We said we’d build a Yoga hall in Zambia…… and we did.
I’m signing in from Eastern Zambia, as I had to stay here for a further three months because of the UK being in ‘lockdown’ etc. Here life is much easier as we have complete freedom of movement and the whole Covid business may as well be on another planet. Would be nice to stay but my ashram duties call me back, then reality will hit and I have to quarantine for 10 days at vast expense. Ironic as I feel much safer here and we probably developed ‘herd immunity’ in Eastern Province months ago.
I don’t have a lot more to say, as the movie that I made says it all. I have tried to do as complete a job as I could with this movie… some of you have donated money, trousers and yoga blocks and we couldn’t have done it without you, so this movie is a big thank-you to you all (the Northern Ireland contingent has to come in for special mention here… they continued to help us most generously through the project).
African Mandala is a project supported by Swami Nishchalananda, in that he gave me encouragement, inspiration, also the leeway to continue coming to my Africa projects even after I moved into the ashram (see Ulingana.com). His freedom of spirit infuses Yoga in Zambia; I hope you will see that from the movie.
The film is a documentary, not a ‘short’. It’s 20 minutes long, so give yourself some time, freedom from immediate tasks, and a reasonable sound system (!) to enjoy. I have tried to briefly paint a picture of Zambia… its wildlife and culture, to start. Then we focus a bit more on the build, also on life in Eastern Province where life can be astonishingly hard at times (making it even more surprising that people have adopted Yoga so readily). Finally we focus in on the two principal teachers and the opening class that marked the end of the project, and the beginning of a whole new chapter for the teachers and practitioners.
‘Please help us grow Yoga in this Land of Ours’ – An appeal from our Zambian Yoga Group.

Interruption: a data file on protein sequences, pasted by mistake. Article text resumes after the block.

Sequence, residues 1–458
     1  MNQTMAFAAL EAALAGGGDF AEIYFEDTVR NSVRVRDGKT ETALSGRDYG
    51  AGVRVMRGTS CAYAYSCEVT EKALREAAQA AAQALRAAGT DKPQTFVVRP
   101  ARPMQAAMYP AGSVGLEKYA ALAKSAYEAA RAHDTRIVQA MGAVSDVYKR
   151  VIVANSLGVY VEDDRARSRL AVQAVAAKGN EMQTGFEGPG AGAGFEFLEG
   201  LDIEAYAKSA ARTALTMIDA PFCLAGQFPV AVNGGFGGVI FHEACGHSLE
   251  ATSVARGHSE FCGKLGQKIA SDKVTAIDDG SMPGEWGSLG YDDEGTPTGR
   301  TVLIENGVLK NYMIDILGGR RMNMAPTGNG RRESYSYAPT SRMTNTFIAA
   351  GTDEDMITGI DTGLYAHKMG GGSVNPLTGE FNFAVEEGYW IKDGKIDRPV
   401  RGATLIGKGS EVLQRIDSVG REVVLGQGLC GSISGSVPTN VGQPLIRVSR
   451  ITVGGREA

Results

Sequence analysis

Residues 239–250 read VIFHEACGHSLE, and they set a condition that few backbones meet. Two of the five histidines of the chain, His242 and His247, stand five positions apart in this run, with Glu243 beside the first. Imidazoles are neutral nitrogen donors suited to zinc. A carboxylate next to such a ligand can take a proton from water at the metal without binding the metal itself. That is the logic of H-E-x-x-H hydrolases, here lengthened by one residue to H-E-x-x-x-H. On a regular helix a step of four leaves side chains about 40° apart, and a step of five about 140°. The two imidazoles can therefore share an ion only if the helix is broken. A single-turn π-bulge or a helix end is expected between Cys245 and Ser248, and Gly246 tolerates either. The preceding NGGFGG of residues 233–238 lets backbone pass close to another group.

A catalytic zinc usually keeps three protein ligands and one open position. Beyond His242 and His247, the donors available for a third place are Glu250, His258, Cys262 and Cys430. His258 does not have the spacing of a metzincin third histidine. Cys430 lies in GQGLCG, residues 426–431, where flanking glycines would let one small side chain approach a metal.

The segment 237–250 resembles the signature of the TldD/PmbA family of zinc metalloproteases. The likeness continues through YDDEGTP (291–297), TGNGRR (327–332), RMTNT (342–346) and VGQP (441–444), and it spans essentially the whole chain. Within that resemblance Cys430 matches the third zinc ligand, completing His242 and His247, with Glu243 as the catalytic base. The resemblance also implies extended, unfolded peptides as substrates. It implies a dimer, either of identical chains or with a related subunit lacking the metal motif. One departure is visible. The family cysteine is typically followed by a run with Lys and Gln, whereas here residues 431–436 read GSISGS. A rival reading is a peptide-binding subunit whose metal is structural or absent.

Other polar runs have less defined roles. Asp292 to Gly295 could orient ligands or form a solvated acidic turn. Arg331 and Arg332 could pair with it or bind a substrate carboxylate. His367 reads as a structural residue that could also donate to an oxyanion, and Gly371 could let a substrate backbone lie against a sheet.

We have lost the use of our Yoga Hall. Those of you who read my previous post (Mandala branch in Africa) know that I established a Yoga group in Eastern Province, Zambia. Well the group is thriving; Swamiji refers to them as ‘our African Branch’. But the Lodge where they worked, and where we used to do our Yoga, is in great difficulty because of the lack of visitors due to Covid, so not only have my friends lost their meagre income, but they have lost the use of the hall where we practised.
The new header picture on the blog (not this post), taken just this morning down the track, shows the Autumnal foggy mornings we get here, up on top of our Welsh hilltop. Quite beautiful, spectrally still with sheep wraiths floating out of the mist; the mist which is really clouds come down around our ears like a damp winter muffler.
There have been times in my life, when I have become aware that we are all made of the same stuff. Times when I know we are sisters and brothers, not by believing that to be true, but by experiencing the essence of such a truth. It’s a high truth, something profound, that brings reverence. Such vision is often related to meditation, or inward comprehension. It’s a vision which has been granted by that which gives Life. In the Yoga world, and some religions, it’s called Grace. A wisdom beyond intellect, but yet innate in my ‘greater’ self.
There have also been times in my life, of being with people where we work towards a better way of relating to each other, of understanding each other’s fears, aggressions, anger, grief. It demands self-honesty. When I commit to exploring my inner feelings towards others, I open up a chain of feelings and associated thoughts which can open up lines of communication in myself that go way way back in my history. That in turn usually sheds light on a now redundant mechanism of protection against harm, which before was a nameless monster in the dark.
I’m Tony, recently given the name Narada by Swami Nishchalananda. The guy at the back in the green t-shirt in the pic above. Before I came to live in the ashram, I’d made contact with the delightful people who work at Tikondane Lodge, near Katete in Eastern Province, and founded a charity to raise funds for special school education for Ketty, a young deaf girl. This is a part of the world where people have very little indeed. But they have big hearts, and it’s a sharing culture. They’re my kind of people.